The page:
Friday, July 14, 2000 at 4:45 PM
The July Fourth weekend accident at a Lake Erie Island winery is still reverberating among victims and their families nearly two weeks later. One person died and dozens were injured when a terrace filled with holiday-revelers at the winery collapsed. But the victims were not the only ones affected by the incident. The winery's owner is now facing a possible class-action lawsuit that could mount into the millions of dollars. And residents of the small island are trying to put the events of the past few weeks behind them. 90.3's Karen Schaefer has this report from Middle Bass Island.
Karen Schaefer- For over a century, summer visitors have been lining up to take the ferry to Middle Bass Island for a visit to the Lonz Winery.
Built in 1866 by a German wine maker, the massive limestone building is listed on the National Register of Historic Places and has attracted countless dignitaries, including five U.S. Presidents. But this summer, the winery was forced to close its doors, following the collapse of a terrace that sent holiday-makers tumbling fifteen feet into an old wine cellar, killing one and sending 76 others to the hospital. Weeks after the incident, visitors still stop to gawk at the ruins and remember happier days.
It's not likely the winery will ever open again. Cleveland-based Paramount Distillers, which acquired the property two decades ago, is now faced with a liability lawsuit from five of the people injured in the accident. Sandusky attorney Dennis Murray says he's considering a class-action suit that would stipulate a minimum of $25,000 in liability claims for each of the 77 victims.
Dennis Murray- Once that part of the case is completed, the court would look to determine what the individual plaintiffs' damages are. Those damages and what we're asking the jury or juries to award will obviously vary greatly according to the severity of the injuries.
KS- That suit could quickly mount into the millions of dollars. First attorneys must show that employees knew - or should have known - that the structure was unsafe. If that's proven, Ottawa County Prosecutor Mark Mulligan says he would then file criminal negligence charges against Paramount Distillers for reckless homicide and reckless assault. Investigators have so far determined that a rusted steel support beam gave way while about a hundred weekend visitors were drinking wine and dancing on the terrace. While an inspection might have uncovered the weakness, under Ohio law, inspections of existing structures are not mandatory.
Paramount officials and winery employees refuse to talk to the media, but islanders are not so reticent. Native Eddie Sheller, who runs the Middle Bass General Store, says it never occurred to him that the terrace might be unstable.
Eddie Sheller- I don't believe so. I wouldn't be afraid to go up there, I've never been scared to go up there. It was just one of those freak accidents, I believe.
KS- Freak accident or not, the winery was scheduled to close permanently this October, when ownership of the property passes to the Ohio Department of Natural Resources. Earlier this year, the state announced plans to buy the winery and 123-acres of wetland, grasslands, harbor, and marina for $6.75 million. Park spokesman Jim Lynch says the goal is to create a new state park that would bring boaters and summer vacationers to the island.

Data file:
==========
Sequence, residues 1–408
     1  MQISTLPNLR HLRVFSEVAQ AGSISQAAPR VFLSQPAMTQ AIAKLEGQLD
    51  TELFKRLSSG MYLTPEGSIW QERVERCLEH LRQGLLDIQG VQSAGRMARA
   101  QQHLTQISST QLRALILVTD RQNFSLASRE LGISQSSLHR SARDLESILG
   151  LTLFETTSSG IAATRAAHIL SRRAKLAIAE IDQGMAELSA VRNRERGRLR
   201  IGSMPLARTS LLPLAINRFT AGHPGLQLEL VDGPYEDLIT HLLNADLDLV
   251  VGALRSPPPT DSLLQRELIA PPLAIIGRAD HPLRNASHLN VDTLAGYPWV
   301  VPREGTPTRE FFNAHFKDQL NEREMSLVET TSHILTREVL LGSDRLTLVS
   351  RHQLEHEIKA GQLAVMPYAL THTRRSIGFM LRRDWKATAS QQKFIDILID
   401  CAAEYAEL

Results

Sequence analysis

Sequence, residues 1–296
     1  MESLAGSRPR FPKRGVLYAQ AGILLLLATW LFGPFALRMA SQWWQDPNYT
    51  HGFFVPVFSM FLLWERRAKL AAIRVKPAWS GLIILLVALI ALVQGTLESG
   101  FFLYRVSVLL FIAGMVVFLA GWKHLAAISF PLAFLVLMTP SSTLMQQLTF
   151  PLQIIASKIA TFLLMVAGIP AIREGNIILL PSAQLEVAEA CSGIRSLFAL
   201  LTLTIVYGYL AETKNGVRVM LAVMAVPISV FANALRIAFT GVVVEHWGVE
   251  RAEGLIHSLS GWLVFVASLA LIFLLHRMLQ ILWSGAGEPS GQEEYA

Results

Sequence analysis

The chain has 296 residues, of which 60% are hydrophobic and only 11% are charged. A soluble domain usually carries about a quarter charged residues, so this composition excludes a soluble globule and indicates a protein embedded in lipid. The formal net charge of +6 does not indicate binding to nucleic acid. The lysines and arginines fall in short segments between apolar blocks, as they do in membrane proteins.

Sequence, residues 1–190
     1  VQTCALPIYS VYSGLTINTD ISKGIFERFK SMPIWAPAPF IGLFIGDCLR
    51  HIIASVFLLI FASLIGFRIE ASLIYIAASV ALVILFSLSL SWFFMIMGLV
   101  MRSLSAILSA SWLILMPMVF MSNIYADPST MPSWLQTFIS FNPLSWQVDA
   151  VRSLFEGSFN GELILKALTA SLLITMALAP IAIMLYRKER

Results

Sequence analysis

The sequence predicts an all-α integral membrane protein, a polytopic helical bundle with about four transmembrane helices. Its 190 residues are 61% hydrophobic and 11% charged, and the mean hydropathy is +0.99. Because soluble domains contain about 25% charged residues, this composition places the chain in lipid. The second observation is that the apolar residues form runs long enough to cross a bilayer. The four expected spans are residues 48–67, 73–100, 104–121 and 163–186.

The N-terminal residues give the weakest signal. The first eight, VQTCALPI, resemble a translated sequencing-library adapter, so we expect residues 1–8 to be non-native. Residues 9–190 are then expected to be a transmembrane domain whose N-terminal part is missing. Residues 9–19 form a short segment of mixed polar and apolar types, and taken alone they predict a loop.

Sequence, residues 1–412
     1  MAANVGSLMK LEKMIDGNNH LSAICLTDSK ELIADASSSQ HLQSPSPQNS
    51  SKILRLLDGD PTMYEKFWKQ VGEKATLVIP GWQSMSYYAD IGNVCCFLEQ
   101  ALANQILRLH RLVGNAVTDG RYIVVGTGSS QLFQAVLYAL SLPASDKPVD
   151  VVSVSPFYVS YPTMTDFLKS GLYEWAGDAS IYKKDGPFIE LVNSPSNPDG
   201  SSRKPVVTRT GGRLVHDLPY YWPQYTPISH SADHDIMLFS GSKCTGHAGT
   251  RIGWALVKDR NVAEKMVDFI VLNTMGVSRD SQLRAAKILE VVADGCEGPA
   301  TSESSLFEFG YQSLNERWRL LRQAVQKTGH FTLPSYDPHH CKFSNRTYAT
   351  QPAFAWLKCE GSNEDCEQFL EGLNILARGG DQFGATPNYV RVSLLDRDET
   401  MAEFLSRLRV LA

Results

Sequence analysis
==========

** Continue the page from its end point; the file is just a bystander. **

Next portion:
Jim Lynch- We'll focus our acquisition on family-oriented activities. We will close the winery as it's been known today. In fact, at this point in time, we don't know our plans yet on how we would use the facility.
KS- The state may not have to make that decision. Paramount Distillers has 30 days to provide an engineer's report on the winery, then decide whether to renovate the building or tear it down. While many visitors are saddened by the loss of a favorite gathering place, islanders like Janet Sterns are pleased the winery is closing.
Janet Sterns- We hate all the people coming over, the riff-raff coming over. They get drunk, they get obscene. So it was just kind of a thorn, having the winery, I think. To have the state buy it and preserve it, that's what we wanted.
KS- Preserving the island's cultural and natural resources is a goal for many of the island's year-round and summer residents. Recently islanders chipped in to help purchase a marshy area threatened by development. It's now the Kuehnle Wildlife Area, operated by the Ohio Division of Wildlife. But other resort, cottage, and condominium developments have sprung up on Middle Bass in just the last five years. They're attributed by most islanders to the spill-over of increasing tourism on nearby Put-in-Bay and Kelleys Island. Like many long-time summer residents, Lois Paul believes the winery's loss is the island's gain.
Lois Paul- We were afraid that it was going to be built up with condos and all the lakefront property. Lonz owns a lot of property over here. And to have it made into a park and have a place for people to come over and camp, I think it's nice. I really do.
KS- It may be months before investigations into the accident at the Lonz Winery are completed - and years before lawsuits for the victims are settled. But on Middle Bass Island, the loss of an historic landmark could signal the beginning of a new chapter of island tourism. On Middle Bass Island, Karen Schaefer, 90.3 WCPN, 90.3 FM.